Being a person of white privilege who has traveled the world, I now ask myself, "How can I make my country more inclusive, a place for ALL Americans to call home?" How can I help?
I have gone to peace marches at the City Hall in San Jose with young Latinos looking to help their community; In Costco I spoke to a woman wearing a headscarf, told her I was sorry that my country was scapegoating immigrants and asked if she were afraid to be living here now. She said, "No, I'm running for City office next year. Here's my card if you want to help me."
Skyland Church's UCC curriculum on white privilege is a great way for us to get to know each other while exploring an important social issue. Connections count. Here's to connecting more and sharing our stories.
Second White Privilege
Meeting Jan. 15 in Whitaker
Our second discussion using the new United Church of Christ white privilege curriculum will be on Jan. 15 after worship. All are welcome! If you need a copy of the UCC curriculum, we can email it to you. It's also available online, here.
If you are not sure what white privilege is or whether discussing it is for you, I invite you to check out this neat 1-minute video called "White Privilege Goggles" for some speedy insight. Click
to see it. Also check out Cliff's and Shannon's articles above and below - they show how fruitful our first discussion was. The lens of "white privilege" can help us understand some ways in which "race" is still an important part of our identities and affects our approach to racial justice.
On Jan. 15, we will begin our discussion with a celebration of Martin Luther King,
and then share stories of when we noticed
skin privilege affecting a situation we were in or were observing.
Our General Minister of the United Church of Christ, Rev.
John Dorhauer, invites us to practice noticing whiteness more in our daily lives. He says, "If you are white, try to say to yourself, even in some of the more routine aspects of your life, 'This happened to me because I am white.' When walking down the street, watch how people react to you and ask yourself "Would that have gone differently if I were not white?'"
Come to share, or come just to listen. We will meet again in February and March.
White Skin Recent Human Feature
"White privilege," as approached by the United Churches of Christ, is simply privilege for white people: a pervasive environment in which customs and laws combine to smooth the existential path of white-skinned people at the expense of those with differently colored skins.
Many of us have yet to recognize the concept of White Privilege, or even think much about ourselves as whites (except when filling out forms).
I am among the latter, in that I have always been aware of white privilege but careless of my own part in it; and having the question raised this way led me to wonder how whiteness came about, and how we acquired this privilege.
Polar map of human migration.
It turns out, according to the invaluable Wikipedia, that white skin is an astonishingly recent phenomenon. For most of human history, people have been dark-skinned. Humans - the genus
- originated 2.6 million years ago in
and populated the rest of the world between 80,000 and 50,
000 years ago through the largest of several migrations.
Homo sapiens had already appeared, some 200,000 years ago, at the beginning of the Paleolithic age of hunter-gatherers. They were dark-skinned. There were several human species in Africa then, some of which joined the eventual exodus; but only
Homo sapiens survived into the agricultural Neolithic.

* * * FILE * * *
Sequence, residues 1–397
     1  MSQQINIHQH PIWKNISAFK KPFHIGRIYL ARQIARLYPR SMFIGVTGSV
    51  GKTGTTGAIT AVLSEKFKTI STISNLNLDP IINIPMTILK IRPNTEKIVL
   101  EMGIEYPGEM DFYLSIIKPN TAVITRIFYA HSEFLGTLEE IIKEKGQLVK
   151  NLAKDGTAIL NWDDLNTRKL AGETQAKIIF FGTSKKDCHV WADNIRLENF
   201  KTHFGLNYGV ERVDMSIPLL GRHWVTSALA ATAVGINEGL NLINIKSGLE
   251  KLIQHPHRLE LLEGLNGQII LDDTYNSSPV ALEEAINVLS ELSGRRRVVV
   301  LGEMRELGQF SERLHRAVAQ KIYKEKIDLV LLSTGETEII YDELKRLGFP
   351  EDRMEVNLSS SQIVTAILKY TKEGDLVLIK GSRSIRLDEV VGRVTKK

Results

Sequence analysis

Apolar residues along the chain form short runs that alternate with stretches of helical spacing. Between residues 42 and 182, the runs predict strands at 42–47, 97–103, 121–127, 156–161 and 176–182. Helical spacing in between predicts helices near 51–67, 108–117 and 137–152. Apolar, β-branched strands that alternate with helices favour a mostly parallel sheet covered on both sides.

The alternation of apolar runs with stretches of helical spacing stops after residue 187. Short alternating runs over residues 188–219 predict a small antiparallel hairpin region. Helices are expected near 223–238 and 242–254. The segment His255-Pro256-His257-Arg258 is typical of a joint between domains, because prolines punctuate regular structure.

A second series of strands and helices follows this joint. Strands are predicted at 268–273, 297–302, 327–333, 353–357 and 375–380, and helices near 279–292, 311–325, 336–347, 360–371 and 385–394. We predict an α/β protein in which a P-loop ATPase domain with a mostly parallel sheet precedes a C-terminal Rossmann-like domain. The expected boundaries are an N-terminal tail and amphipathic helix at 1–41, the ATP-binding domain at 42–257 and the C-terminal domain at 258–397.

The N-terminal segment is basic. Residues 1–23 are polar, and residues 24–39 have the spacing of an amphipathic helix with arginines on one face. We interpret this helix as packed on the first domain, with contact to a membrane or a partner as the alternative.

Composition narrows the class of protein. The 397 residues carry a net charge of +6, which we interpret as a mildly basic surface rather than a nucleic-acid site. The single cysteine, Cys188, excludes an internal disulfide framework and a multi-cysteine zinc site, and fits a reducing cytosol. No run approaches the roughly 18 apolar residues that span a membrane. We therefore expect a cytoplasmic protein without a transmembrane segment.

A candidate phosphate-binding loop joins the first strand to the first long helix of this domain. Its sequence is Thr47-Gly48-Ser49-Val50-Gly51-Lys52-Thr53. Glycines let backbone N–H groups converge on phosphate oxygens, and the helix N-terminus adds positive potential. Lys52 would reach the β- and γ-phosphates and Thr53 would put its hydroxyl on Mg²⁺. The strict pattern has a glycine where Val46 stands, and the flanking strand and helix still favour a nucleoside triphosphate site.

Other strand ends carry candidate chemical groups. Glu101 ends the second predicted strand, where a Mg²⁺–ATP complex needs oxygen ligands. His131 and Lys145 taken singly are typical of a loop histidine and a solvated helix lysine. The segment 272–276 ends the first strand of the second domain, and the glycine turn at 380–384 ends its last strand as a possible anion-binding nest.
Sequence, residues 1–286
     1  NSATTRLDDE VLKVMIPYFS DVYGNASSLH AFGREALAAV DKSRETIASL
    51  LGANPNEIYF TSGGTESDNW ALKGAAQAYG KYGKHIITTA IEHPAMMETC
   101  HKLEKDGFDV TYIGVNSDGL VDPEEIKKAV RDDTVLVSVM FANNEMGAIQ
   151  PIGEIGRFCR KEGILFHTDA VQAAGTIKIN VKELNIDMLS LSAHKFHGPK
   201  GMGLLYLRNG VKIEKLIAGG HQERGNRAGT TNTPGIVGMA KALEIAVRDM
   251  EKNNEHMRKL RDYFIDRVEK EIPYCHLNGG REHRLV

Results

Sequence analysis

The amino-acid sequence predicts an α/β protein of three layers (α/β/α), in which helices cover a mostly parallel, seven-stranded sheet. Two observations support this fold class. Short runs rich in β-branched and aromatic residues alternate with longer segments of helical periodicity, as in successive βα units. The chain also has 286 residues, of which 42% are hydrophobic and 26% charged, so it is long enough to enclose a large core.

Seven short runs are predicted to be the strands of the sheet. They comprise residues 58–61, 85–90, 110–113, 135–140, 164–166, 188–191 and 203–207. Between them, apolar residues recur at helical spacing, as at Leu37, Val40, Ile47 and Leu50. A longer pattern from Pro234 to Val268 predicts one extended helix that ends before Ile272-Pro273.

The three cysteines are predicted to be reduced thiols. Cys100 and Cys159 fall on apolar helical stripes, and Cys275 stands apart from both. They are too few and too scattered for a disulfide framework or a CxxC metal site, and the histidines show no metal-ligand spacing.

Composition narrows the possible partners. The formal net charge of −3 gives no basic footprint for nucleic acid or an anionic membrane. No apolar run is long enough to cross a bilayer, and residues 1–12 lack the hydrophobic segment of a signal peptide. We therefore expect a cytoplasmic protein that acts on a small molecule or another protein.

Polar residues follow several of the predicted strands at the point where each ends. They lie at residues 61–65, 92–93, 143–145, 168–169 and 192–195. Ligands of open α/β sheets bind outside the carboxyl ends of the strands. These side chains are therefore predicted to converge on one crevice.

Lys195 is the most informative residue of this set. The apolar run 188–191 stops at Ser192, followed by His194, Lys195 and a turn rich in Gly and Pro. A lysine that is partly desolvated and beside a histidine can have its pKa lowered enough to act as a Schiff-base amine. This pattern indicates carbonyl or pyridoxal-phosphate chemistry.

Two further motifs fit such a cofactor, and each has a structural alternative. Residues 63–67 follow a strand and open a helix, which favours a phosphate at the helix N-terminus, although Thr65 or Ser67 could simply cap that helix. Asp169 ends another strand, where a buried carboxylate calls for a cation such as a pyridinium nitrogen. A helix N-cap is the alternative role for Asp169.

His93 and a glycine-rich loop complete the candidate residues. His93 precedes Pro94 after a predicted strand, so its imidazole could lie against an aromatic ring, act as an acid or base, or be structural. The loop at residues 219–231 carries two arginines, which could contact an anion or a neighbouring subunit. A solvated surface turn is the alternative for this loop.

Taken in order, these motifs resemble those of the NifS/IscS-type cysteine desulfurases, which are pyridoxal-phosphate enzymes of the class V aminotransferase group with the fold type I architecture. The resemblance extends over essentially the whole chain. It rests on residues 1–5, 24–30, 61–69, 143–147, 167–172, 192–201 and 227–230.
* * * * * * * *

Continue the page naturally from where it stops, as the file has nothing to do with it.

The dark skin of these African migrants contained melanin, which protects the body against ultra-violet rays, but in the process also inhibits the synthesis of Vitamin D in the body. Vitamin D regulates the absorption of calcium and promotes growth of bones and teeth.
People living in northern latitudes often don't get enough UV to synthesize vitamin D in their skin, so natural selection has favored two genetic solutions to that problem - evolving pale skin that absorbs UV more efficiently, and favoring lactose tolerance to be able to digest the sugars and vitamin D naturally found in milk.
The first lightskins in Europe were a mix of three tribes of hunter/gatherers who arrived from what are now the Balkans and southeast Europe and the Near East some 8,000 years ago. (Today's refugee migrations are following much the same route). A mix of two genes that selected for light skin eventually turned most of Europe into a white enclave.
So then, whence came "white privilege"? It's probably a product of the most recent millennium - or even the last couple of hundred years.
White skin first became a sign of high social class as a result of poor people working outdoors and being burned by the sun, while upper classes stayed indoors.
Women eventually began using lead-based cosmetics - a
dangerous practice leading to lead
oisoning - to whiten their skin artificially.
The practice continues to this day, although normally without
A Google search on "skin whiteners" retrieves nearly half a million hits. It's a multi-billion dollar business, which operates globally but flourishes particularly in Asia.
Colonialism and slaver
y contributed to the belief that dark-skinned people were inferior to the light-skinned uppe
classes. Europe's industrial revolution concentrated wealth and power in the hands of whites, an environment that fostered a sense of privilege, in both people with it, and those without it. So, in a sense, a genetic solution to vitamin D deficiency has become a global social issue.
NOTE from your treasurer:
Thanks to a pledge increase, our pledge income is almost on a par with original commitments for first seven months of our fiscal year. If you are able, please attempt to keep your pledge gifts current.
Thanks for your generous support to our local outreach programs:
* $1,732 was donated for blankets to Church World Service.
* $1381 is the final total donated to our Giving Tree program to help our local neighbors needing assistance this Christmas season.
* $4197 was given to NCNC as part of our budgeted Our Share giving to UCC.
We are now able to accept credit card payments for pledge, general and special offerings if that is more convenient than check or cash. See either Jan or myself after service for these transactions.
Here are our operating finances for
ember 2016 as of
Summary of Operating Finances
ember 2016 | Jun 1,2016 to
Actual Planned | Actual Planned
Income $ 23,937 $ 25,801 | $133,232 $130,518
Expenses $ 25,561 $ 25,947 | $119,613 $121,125
Net $ (-1,624) $ (-146)| $ 13,619 $ 9,393
-- Gerald J. Alonzo